- Review encoding of teachers’ assignments (course number, section number, seat capacity, period of the day, accessibility for inclusion students and room number).
- Course requests can be prioritized or weighted to insure seats for students with numerous singletons/doubletons.
STEP 19: Adjust master schedule as needed in subsequent runs.
- Identify students with incomplete schedules and determine adjustments needed in the master schedule.
- Identify sections that closed as well as those that did not load to capacity.
- Adjust master schedule to accommodate specific situations.
- After modifications, activate additional run(s), repeating the two-part analysis until the greatest number of students have been scheduled and sections of the same course have loaded equitably.
- Once 90% or more of the students have been fully scheduled, students with incomplete schedules should meet with a counselor or administrator to choose alternate electives.
- Prior to the first day of school, complete schedules should be printed for entire student population.
STEP 20: Implement professional development.
- Training in the implementation of the schedule provides teachers with ownership.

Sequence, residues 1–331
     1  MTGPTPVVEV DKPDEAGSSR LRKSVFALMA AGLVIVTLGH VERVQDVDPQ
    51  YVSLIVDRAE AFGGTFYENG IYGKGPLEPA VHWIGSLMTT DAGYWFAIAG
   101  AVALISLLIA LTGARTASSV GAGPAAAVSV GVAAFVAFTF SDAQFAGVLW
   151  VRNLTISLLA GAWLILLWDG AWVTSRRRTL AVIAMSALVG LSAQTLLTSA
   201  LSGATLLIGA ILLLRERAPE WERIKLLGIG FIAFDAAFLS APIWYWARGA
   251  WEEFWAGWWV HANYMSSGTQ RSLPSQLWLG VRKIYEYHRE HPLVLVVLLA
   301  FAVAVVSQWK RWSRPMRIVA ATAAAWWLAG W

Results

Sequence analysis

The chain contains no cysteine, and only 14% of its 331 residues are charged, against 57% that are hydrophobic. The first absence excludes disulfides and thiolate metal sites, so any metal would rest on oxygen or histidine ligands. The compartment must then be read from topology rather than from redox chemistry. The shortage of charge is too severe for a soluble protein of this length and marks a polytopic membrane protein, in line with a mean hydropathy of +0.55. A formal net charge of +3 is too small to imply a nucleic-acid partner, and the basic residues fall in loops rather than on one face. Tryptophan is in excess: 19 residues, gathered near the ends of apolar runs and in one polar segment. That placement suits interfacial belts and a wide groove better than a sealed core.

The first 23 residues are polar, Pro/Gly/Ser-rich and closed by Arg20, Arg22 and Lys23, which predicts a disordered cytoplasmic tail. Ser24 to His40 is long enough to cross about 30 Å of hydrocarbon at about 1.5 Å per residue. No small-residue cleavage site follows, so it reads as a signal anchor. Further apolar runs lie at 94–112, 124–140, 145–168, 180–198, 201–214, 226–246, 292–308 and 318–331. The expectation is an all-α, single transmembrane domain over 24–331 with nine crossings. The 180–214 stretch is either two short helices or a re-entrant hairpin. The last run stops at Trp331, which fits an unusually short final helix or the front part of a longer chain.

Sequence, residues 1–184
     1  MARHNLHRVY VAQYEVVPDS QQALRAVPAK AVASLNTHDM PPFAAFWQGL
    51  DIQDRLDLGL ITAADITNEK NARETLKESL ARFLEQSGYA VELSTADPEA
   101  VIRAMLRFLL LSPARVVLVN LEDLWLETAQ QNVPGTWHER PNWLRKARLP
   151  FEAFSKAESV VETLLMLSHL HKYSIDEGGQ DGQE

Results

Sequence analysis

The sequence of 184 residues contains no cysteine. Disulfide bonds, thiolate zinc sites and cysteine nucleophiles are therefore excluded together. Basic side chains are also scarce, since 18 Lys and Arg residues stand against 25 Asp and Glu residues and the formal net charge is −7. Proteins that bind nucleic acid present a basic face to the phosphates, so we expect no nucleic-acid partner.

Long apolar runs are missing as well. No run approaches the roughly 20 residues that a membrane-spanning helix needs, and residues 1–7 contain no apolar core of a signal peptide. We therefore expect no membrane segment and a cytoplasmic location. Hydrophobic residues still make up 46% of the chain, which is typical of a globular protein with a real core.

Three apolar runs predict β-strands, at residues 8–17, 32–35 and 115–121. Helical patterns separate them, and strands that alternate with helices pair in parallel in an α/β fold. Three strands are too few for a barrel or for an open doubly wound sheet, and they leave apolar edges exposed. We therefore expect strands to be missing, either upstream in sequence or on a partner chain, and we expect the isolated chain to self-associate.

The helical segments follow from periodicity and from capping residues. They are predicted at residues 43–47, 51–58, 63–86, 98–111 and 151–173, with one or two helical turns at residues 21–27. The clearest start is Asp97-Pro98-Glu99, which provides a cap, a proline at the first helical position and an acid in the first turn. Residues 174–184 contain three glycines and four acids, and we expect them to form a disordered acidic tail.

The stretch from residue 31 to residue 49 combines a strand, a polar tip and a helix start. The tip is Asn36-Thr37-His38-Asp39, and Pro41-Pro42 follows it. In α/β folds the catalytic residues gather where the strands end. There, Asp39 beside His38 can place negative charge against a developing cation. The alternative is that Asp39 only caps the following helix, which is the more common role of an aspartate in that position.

- Framework and inserts chosen impact details of the professional development program.
- As needed, training may be an on-going process.
STEP 21: Assess the scheduling process and the product created.
- Formal assessment should be conducted by school leadership team.
- Determine the extent to which the schedule reflects the mission/vision of the school/district.
- Assess the extent to which the schedule enhances the teaching/learning process.
- Teachers, parents, and students should participate in this process.
- Record modifications/adjustments to be considered for the following year.
This scheduling paradigm features a step-by-step approach to create a schedule that honors student course requests and focuses on enhancing student achievement. When students receive guidance in course selections, schools are effective in providing meaningful career and college readiness experiences.